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Bend councilors take testimony, approve larger buffer for new short-term rental permits

(Update: adding video, comments from city, Realtors representatives)

BEND, Ore. (KTVZ) -- Bend city councilors took public input, then agreed to change the city's short-term rental rules Wednesday evening after hearing complaints from people living near short-term rental homes.

The council was presented with three options and decided to choose doubling the buffer between new short-term rentals from 250 to 500 feet.

More than a dozen people came to testify Wednesday evening, giving councilors a mix of opinions, pro and con. 

City Licensing Programming Manager Lorelei Williams said Thursday, "The city council has been approached over the course of the last few years by concerned citizens who expressed their concerns about the growing number of short-term rentals."

The short-term rental program's enforcement model, like most land-use issues in the city, are complaint-based.

Councilors directed staff to provide certain scenarios of increased limit buffers options. Staff provided councilors with scenarios on 400-, 500- and 660-foot buffers. Council decided to move forward with the 500-foot proposal.

Councilors wanted to make sure that short-term rentals occurred gradually over time in other parts of the city.

"The 250-foot concentration limit was not working as effectively as they thought," Williams said. "They wanted to consider other concentration limits."

The other change councilors agreed to was to allow owners to keep their short-term rental permits, even if they rent to someone for over a year.

The changes will not take away people's existing permits.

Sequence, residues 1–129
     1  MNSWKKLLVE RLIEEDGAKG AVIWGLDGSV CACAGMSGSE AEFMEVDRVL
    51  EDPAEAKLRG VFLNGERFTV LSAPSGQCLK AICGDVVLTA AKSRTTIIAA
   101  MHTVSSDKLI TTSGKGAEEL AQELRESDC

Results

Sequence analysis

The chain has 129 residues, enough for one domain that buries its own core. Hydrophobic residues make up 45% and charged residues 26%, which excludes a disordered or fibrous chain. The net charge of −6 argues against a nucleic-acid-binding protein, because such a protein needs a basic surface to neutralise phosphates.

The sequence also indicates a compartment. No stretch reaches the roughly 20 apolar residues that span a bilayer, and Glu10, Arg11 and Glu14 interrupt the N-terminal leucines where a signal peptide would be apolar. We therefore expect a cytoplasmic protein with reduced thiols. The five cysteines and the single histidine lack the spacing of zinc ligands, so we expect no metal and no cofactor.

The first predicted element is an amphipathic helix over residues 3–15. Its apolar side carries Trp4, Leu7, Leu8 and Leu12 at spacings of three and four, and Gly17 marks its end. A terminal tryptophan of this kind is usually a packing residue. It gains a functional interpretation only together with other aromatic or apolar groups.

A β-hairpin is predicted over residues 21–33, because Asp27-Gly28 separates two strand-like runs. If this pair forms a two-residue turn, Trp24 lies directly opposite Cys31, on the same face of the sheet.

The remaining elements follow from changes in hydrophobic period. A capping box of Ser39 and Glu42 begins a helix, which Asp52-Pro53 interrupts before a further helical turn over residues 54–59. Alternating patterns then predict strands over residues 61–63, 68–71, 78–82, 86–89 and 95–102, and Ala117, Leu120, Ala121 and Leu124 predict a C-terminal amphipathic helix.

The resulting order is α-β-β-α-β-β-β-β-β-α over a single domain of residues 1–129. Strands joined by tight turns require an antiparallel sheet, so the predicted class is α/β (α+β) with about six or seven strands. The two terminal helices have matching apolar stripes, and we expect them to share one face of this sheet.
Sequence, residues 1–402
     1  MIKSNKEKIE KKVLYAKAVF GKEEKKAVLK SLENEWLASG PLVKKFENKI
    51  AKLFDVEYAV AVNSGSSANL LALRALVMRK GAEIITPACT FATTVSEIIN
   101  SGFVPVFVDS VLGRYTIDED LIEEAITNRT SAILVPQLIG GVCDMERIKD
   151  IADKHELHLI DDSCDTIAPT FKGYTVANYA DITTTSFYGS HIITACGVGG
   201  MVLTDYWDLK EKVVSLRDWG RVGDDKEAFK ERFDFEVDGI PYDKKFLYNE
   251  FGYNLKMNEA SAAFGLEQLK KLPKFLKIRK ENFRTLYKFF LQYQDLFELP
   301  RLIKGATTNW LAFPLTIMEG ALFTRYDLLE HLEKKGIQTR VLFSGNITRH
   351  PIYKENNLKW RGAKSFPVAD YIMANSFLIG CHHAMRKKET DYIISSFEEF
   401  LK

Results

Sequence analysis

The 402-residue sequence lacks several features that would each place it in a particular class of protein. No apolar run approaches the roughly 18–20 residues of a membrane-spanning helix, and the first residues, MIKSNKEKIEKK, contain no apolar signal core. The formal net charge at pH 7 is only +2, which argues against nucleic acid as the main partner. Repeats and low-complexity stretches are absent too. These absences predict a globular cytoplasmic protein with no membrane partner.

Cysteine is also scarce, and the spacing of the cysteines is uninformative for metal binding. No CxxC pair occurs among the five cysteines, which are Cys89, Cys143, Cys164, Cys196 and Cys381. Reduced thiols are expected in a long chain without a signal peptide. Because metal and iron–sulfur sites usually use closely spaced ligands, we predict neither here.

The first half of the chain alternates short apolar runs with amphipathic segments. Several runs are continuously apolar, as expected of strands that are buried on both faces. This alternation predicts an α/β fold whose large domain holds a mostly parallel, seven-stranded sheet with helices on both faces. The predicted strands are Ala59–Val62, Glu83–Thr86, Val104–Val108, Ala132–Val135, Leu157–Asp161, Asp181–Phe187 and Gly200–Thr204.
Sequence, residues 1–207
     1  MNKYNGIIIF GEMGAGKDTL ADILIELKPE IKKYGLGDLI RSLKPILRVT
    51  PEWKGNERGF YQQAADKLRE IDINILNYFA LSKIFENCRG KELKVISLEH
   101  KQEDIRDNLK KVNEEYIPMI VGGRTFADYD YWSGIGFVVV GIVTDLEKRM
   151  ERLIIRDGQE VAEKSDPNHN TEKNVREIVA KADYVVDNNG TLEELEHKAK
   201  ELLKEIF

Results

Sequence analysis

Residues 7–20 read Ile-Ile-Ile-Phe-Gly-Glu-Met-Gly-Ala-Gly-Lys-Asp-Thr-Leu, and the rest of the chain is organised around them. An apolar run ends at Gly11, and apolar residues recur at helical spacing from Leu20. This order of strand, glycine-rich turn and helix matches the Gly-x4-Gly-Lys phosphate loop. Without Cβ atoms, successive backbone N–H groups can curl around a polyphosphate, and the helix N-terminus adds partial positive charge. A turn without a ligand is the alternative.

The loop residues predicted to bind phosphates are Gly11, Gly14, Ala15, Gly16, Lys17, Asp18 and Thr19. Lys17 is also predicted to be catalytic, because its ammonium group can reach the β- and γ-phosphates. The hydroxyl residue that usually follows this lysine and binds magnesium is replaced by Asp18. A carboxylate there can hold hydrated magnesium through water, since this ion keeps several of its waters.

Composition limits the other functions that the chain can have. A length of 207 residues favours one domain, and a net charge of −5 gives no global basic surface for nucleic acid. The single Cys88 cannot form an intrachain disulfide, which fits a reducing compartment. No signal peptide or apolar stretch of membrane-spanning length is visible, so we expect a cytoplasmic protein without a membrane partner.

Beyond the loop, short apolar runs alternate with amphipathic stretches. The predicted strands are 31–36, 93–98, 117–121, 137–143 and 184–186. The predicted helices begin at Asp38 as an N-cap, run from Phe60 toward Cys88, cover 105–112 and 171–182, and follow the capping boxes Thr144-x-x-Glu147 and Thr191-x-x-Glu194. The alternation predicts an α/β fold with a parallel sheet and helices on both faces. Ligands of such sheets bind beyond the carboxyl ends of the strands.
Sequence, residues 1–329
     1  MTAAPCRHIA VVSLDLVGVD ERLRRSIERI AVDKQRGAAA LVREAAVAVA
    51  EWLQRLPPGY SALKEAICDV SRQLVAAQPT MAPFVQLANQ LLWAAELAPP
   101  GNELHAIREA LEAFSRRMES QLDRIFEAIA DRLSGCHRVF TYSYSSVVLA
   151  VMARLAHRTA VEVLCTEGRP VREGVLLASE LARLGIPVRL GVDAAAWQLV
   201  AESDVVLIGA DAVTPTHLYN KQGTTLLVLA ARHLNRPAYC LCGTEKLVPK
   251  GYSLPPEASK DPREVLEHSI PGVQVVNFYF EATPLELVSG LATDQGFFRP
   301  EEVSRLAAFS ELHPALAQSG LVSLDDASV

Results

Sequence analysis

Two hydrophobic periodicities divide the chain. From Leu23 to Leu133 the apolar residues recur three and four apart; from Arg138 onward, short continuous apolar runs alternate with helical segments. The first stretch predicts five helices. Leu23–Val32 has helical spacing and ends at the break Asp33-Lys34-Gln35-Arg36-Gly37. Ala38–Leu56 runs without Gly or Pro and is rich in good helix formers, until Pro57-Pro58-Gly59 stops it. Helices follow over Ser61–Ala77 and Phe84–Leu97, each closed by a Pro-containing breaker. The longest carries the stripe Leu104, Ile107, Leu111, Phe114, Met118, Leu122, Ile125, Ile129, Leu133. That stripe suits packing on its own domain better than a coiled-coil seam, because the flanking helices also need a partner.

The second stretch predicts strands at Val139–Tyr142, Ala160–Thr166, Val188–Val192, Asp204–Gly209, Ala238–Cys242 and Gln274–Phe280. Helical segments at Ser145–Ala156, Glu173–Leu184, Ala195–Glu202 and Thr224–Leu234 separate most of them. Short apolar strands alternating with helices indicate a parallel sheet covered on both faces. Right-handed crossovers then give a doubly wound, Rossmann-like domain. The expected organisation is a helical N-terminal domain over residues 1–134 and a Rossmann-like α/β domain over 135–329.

"If the code changes are adopted on Oct. 19, they'll go into effect on Nov. 18," she said. "So, that means anyone who submits a Type 2 whole-house permit on or after Nov. 18 is going to be subject to that new 500-foot concentration limit." 

Central Oregon Association of Realtors Government Affairs Director Tyler Neese was among those testifying and expressed concerns about the code changes. 

"I think the more logical step would be to look at the code that's currently on the books that's not being enforced," he said. "Adding another 250 won't really be effective in addressing the concerns in the community." 

Opponents, including many short-term rental owners, testified that the city was basing its move on flawed data and said short-term rentals are often better, professionally cleaned and maintained than long-term rentals, while also providing the city with room-tax revenue. Opponents talked of the impact on available owner and long-term rental housing and other issues. Some said the city should stop issuing such permits entirely.

Williams said the changes may indirectly impact existing Type 2 whole-house short-term rental permit holders when they go to sell their property. The new owners may or may not be eligible for the same type of permit because of the increase in the concentration limit. 

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Kelsey McGee

Kelsey McGee is a multimedia journalist for NewsChannel 21. Learn more about Kelsey here.


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